Is the discovery of oil going to rescue Cuba’s Communist regime?
A political prisoner is reportedly near death and 16 other activists remain in police custody following the latest crackdown on the Ladies in White and other dissidents, in the run-up to a rare congress of the ruling Communist party.
Independent journalist Guillermo Farinas (left) and other activists were arrested last Sunday during a protest in Santa Clara to demand the release of Yasmín Conyedo and her husband Yusmari Rafael Álvarez Esmori, dissidents jailed on Jan. 8.
Some observers believe the ruling party is also jittery about Pope Benedict XVI’s forthcoming March 26-28 visit to the island.
The authorities will be aware that some observers consider John Paul II’s 1979 pilgrimage to Poland as a catalyst for the eventual downfall of Soviet communism. Václav Havel described the event as “a miracle” and said the Pope’s contribution was more significant than any action by Western or Soviet leaders.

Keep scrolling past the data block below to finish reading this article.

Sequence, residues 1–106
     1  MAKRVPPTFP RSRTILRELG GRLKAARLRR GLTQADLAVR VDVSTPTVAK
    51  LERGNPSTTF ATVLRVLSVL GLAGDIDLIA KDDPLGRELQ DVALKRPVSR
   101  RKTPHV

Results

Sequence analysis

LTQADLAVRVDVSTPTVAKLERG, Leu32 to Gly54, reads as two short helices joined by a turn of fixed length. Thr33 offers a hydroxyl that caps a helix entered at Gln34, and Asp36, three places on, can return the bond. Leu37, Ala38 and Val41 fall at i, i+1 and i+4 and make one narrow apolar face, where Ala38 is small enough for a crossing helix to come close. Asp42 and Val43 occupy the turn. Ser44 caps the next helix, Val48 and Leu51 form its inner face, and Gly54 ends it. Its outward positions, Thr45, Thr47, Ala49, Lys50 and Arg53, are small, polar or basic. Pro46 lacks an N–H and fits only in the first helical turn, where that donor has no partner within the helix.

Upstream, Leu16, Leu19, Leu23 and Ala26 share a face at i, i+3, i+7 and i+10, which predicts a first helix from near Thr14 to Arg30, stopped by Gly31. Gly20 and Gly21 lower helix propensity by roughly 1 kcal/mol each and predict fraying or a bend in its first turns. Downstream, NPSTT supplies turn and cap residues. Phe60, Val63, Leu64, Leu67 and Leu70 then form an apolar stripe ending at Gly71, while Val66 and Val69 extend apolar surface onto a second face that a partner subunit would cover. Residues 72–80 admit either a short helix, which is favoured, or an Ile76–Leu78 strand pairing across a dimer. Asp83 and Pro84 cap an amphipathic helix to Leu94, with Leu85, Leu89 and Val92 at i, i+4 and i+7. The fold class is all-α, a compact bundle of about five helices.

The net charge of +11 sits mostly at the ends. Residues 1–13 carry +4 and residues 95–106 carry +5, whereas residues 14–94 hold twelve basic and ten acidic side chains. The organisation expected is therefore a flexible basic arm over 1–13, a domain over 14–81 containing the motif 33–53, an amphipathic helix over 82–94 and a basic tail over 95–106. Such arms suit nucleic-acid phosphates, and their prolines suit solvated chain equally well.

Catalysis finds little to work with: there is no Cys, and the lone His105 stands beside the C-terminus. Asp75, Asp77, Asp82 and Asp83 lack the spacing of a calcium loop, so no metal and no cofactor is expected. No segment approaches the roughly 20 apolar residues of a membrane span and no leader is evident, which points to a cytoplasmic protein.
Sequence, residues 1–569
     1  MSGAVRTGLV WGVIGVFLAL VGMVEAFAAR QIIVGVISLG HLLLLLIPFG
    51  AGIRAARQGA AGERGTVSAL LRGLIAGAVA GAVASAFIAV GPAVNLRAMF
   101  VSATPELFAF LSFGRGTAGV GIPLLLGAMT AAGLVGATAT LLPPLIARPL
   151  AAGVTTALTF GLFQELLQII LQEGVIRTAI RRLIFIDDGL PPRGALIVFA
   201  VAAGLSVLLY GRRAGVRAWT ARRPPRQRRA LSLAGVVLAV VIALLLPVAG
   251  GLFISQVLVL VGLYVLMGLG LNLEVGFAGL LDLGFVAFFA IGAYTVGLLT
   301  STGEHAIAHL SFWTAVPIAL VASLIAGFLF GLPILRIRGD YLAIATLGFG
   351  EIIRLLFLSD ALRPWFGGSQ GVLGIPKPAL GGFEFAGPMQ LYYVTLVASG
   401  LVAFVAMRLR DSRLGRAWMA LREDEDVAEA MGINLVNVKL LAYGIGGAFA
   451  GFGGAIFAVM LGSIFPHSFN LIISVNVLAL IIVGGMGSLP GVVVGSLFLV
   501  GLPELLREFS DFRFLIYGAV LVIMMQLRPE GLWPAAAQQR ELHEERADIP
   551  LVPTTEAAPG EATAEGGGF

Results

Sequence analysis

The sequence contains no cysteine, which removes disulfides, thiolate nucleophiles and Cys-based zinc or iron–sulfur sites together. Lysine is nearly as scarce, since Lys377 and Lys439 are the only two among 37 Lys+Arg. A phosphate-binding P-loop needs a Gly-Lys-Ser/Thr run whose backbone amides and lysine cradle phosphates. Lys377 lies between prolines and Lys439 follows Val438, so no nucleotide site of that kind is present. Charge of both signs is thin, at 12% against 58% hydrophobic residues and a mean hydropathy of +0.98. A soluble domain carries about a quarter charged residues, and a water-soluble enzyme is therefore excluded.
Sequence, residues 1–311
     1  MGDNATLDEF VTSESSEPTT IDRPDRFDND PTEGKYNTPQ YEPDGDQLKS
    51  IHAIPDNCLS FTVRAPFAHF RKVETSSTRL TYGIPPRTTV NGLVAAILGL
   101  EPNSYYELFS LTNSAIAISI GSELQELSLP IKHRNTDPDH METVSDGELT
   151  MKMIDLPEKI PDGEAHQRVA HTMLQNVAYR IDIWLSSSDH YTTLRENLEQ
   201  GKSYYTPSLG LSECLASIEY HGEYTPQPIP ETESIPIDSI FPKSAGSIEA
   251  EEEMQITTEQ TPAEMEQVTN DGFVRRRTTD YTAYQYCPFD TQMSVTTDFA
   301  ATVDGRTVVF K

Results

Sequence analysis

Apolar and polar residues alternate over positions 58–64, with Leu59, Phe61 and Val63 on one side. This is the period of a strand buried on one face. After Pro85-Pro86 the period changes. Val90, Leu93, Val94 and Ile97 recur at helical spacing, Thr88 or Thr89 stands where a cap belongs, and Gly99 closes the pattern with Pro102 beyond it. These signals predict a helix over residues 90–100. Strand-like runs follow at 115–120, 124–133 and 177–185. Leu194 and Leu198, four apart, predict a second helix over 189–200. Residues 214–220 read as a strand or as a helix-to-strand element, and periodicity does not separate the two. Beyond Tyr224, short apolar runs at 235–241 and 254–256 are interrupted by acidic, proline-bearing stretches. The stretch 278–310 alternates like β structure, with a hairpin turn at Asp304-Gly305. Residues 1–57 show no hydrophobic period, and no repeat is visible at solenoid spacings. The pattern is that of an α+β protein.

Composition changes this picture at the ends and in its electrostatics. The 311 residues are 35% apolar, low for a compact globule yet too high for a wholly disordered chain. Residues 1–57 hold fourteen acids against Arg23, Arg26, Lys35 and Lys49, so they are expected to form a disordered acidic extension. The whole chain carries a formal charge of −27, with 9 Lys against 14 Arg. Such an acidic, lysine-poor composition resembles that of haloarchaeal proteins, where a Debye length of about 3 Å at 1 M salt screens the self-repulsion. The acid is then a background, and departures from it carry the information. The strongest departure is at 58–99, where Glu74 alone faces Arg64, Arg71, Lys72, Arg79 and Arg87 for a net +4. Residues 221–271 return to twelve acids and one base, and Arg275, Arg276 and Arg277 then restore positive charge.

The ruling party has embarked on a cautious reform process – permitting the establishment of small businesses, the sale of private homes and slashing public sector jobs – in an effort to revive a stagnant, statist economy. According to a Brookings Institution paper, Cuba is dependent on the fuel subsidies and several billion dollars in financial aid it receives each year from Venezuela.
But drilling starts next week in a Cuban portion of the Gulf of Mexico that is expected to yield billions of barrels of oil and equivalent amounts of natural gas – a potential lifeline for the one-party state.
“The discovery of even modest amounts of oil would be significant for Cuba,” said Ricardo Torres Perez, deputy director of Havana University’s Center for the Study of the Cuban Economy. “Cuba would become less energy dependent and might eventually become an energy exporter; new credit and foreign investment would materialize, along with refining and service jobs.”
Cuba: the next case study for demonstrating that oil and democracy don’t mix?